Oncologists all over the globe, relentlessly research on methodologies for early detection of cancer and precise localization of cancer therapeutics (radiation/chemotherapy) with minimal adverse effects to healthy tissues. Since the previous decade, the fast growing research in nanotechnology has shown promising possibilities for achieving this dream of every oncologist.

Since three to four years certain research efforts have been transformed into nanotech based products in pipeline (undergoing clinical trials) in early detection of cancer detection and cancer therapeutics.

The aim of this review is provide the reader about both, the futuristic prospects of currently pursued cancer nanotechnology research and practical innovations arising out of successful research projects. The second half of the review consists of discussion on nanotech products in pipeline. In addition, various other interdisciplinary engineering marvels with potential of significant impact in cancer nanotechnology, have been mentioned in brief.


 > Nanomaterials and Micro/Nano-Sized Devices Top


Currently, nanomaterials are in the leading position (in comparison to futuristic nanotechnologies e.g., surgical nanomachines) in terms of extensive research, application and products in pipeline.

The nanomaterials have the inherent advantage of possessing unique functional properties for cancer detection and treatment. Certain nanomaterials such as gold nanoparticles have the advantage to be manufactured in large quantities and hence are more cost-effective. Nanomaterials get classified in the size domain of proteins and cells. Hence they have been used as biological tags by interfacing the nanoparticles with biocompatible molecules (biological, small organic molecules or bio-inorganic interface).[1],[2],[3]

The shape and dimensions of nanomaterials can be altered to obtain special capabilities, such as cellular membrane penetration. Size distribution plays a critical role,[4] when the nanoparticles are engineered to exhibit their specialized physical properties such as optical absorbance and fluorescence.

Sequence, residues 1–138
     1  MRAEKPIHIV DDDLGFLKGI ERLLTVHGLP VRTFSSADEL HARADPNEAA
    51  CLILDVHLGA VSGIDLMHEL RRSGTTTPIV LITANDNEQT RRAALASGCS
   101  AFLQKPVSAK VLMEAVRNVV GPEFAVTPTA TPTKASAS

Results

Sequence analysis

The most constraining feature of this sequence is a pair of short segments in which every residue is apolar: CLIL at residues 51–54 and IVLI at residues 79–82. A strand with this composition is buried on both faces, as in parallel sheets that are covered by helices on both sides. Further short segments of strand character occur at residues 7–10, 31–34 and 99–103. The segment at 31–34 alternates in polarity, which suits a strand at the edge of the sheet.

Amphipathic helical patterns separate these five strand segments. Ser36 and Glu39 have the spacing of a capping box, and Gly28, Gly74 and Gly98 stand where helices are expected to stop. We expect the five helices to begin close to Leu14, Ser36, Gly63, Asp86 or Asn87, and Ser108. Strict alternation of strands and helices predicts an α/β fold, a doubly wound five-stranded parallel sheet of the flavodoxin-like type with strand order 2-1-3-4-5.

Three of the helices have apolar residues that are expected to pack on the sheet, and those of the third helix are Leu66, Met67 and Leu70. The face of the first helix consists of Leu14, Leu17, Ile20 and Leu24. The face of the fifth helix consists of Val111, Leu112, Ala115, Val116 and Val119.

In contrast to nanomaterials for biomarker applications, specially engineered biomolecules have been developed (e.g., hairpin-shaped oligonucleotides), which consists of a fluorophore and quencher moiety.[5] The oligonucleotides behave like switches, where if they undergo conformational changes by intermolecular interactions, the hairpin structure is opened separating the quencher and fluorophore moiety resulting in fluorescence.

In spite of the superior advantage of such engineered biomolecules, they currently face a challenge to strike a balance between cost-effectiveness and performance reliability. The reports of cancer diagnostics and therapeutics based on nanomaterials research and upcoming products in pipeline have been mentioned in [Table - 1][Table - 2], respectively.

a) Nanomaterials in cancer detection and imaging of malignant tissues

The optical detection technique (Fluorescence and UV-vis absorption methods) is the most commonly used technique to detect presence of cancer and image cancer tissues with the assistance of biomarker or functionalized nanomaterials; where nanoparticles should either fluoresce or change their optical properties, when they bind to cancer-affected tissues such as silica nanoparticles doped with organic-based fluorescent dyes for detection of liver cell malignancy.[6]